Through the Looking Glass Children's Book Reviews



Margaret Peterson Haddix
Historical Fiction
For ages 12 and up
Simon and Schuster, 2007   ISBN: 978-1416911715

Bella can hardly believe what New York City is like. It is such a noisy place and so unlike the village in Italy where she grew up and where her family is still living. She misses her family terribly and the only thing that keeps her going is knowing that they are depending on her to send money to them. Without her help they will starve, and so she must find a job quickly and work hard for their sakes.

Soon enough Bella is snipping threads off shirtwaists at the Triangle Shirtwaist factory. She cannot understand what is being said to her most of the time and she is terrified of making a mistake so she keeps her head down and works hard. There are other girls in the factory who have more to say however. Yetta and her sister Rahel have been around for longer and they know their way around the factory. They also know that they are being taken advantage of and they are very angry about it. The sisters are determined that something should be done to improve the working conditions in the factory. The workers should have a union to protect their rights. They should be paid fairly and work a reasonable number of hours. They should also be assured that the place where they work is safe.

Bella has not been working at the factory long before a strike is called. Yetta and Rahel are deeply involved and Yetta is often beaten by the police and arrested for walking the picket lines. Bella, not understanding what is going on, keeps on working. She is desperate to make money to send home to Italy and she does not know what the strike means.

Meanwhile a poor little rich girl, Jane, discovers that there is a whole world beyond the dances and tea parties that she is expected to go to. It all begins when she meets some college girls who take her to the Triangle Shirtwaist strike. The girls want to offer their support to the strikers and Jane comes to realize that there is so much more to life than the shallow existence she has always accepted as her lot. For the first time she sees injustice and she is appalled by what she sees. She even goes so far as to try to help and she tries to talk to her father about the plight of the shirtwaist factory workers. When she finds out that he is to blame for similar atrocities, Jane runs away from home and she ends up living with Yetta and Bella.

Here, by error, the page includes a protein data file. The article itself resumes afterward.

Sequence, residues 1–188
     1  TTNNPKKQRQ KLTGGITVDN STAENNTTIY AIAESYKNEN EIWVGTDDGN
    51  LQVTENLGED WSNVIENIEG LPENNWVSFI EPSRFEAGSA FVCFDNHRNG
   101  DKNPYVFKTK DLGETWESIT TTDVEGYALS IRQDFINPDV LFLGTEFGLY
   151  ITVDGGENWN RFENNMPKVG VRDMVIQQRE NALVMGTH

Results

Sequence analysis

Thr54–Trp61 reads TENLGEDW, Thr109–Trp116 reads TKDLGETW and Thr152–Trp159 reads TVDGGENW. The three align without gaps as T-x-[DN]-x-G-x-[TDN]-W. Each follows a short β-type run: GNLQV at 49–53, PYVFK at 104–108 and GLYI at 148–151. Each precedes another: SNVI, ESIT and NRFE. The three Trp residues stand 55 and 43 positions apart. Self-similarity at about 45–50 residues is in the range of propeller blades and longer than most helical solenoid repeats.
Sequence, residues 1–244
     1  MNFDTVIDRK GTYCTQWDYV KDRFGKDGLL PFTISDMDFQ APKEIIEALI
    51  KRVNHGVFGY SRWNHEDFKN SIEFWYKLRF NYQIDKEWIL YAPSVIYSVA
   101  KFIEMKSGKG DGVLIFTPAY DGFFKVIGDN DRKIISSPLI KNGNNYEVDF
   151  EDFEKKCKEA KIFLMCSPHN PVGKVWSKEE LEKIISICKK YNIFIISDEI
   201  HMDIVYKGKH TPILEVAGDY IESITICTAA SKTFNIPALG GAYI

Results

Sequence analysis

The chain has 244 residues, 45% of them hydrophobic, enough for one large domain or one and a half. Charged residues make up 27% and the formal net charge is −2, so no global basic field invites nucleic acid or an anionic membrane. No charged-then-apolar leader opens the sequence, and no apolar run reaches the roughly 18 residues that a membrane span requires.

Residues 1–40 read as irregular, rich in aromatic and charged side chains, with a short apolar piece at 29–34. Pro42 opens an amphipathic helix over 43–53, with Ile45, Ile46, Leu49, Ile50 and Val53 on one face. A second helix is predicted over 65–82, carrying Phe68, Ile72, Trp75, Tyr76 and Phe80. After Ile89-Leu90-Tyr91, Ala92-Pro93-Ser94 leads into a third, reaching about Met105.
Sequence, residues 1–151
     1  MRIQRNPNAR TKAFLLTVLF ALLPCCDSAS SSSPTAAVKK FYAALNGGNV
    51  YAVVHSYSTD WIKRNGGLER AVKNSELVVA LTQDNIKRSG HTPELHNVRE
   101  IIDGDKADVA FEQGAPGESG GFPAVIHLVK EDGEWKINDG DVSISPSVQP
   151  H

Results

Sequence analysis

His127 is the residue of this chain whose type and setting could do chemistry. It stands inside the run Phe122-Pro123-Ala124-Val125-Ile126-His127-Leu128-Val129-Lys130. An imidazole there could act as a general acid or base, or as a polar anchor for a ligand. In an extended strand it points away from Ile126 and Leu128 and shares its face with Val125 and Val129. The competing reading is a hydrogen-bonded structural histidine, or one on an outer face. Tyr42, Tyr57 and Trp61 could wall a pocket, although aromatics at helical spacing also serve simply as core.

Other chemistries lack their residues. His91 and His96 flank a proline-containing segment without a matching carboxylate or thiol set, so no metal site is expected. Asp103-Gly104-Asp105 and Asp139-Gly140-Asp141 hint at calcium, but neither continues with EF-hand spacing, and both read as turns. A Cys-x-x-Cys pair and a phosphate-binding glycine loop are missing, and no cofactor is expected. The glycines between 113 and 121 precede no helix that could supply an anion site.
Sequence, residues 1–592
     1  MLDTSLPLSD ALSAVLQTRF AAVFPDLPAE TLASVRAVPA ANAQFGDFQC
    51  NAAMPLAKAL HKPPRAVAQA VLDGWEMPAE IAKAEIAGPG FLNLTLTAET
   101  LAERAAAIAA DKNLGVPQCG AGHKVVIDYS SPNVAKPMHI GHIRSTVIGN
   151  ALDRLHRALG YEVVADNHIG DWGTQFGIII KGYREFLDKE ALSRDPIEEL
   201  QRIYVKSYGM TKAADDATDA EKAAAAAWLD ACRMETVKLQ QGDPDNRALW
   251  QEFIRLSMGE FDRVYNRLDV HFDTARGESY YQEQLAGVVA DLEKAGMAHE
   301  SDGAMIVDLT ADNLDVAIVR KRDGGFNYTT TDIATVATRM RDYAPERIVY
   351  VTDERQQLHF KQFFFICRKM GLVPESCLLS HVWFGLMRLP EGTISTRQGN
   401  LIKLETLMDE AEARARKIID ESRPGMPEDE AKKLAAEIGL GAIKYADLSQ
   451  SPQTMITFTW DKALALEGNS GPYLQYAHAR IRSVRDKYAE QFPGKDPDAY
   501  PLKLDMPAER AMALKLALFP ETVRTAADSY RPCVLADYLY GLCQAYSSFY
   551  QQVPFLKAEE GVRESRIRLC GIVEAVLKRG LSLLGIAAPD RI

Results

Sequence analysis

The three girls become the best of friends, hoping and working for a better future, and struggling with poverty and grinding hard work in the meantime. Then, on March 25th, 1911 all three girls are in the Triangle building when a fire breaks out. It is a fire which will change their lives forever and which will break the heart of one of them in an unimaginable way.

In this remarkable book the author explores a number of fascinating topics. She looks at what it was like to be a new immigrant in New York City at the turn of the century; she shows her readers what working conditions were like at this time for the working poor; she looks at what it was like to be a woman who had little control over her future; and she tells the story of the famous Triangle Shirtwaist fire. Through the eyes of Yetta, Bella, and Jane we are able to see that young women in the early 1900’s had so few choices open to them. If they were poor they could work in a factory, sweatshop, store, or as a governess or teacher. If they were rich they were expected to look pretty and get accomplished in readiness for marriage. Rich or poor, girls and women were expected to marry the person chosen for them by their families. A young woman had to be very brave to try to break free of these constraints.

Superbly written and carefully researched, this is a title which serves as a marvelous tribute to all the young women who fought so bravely for the vote, for unions, and for their freedom.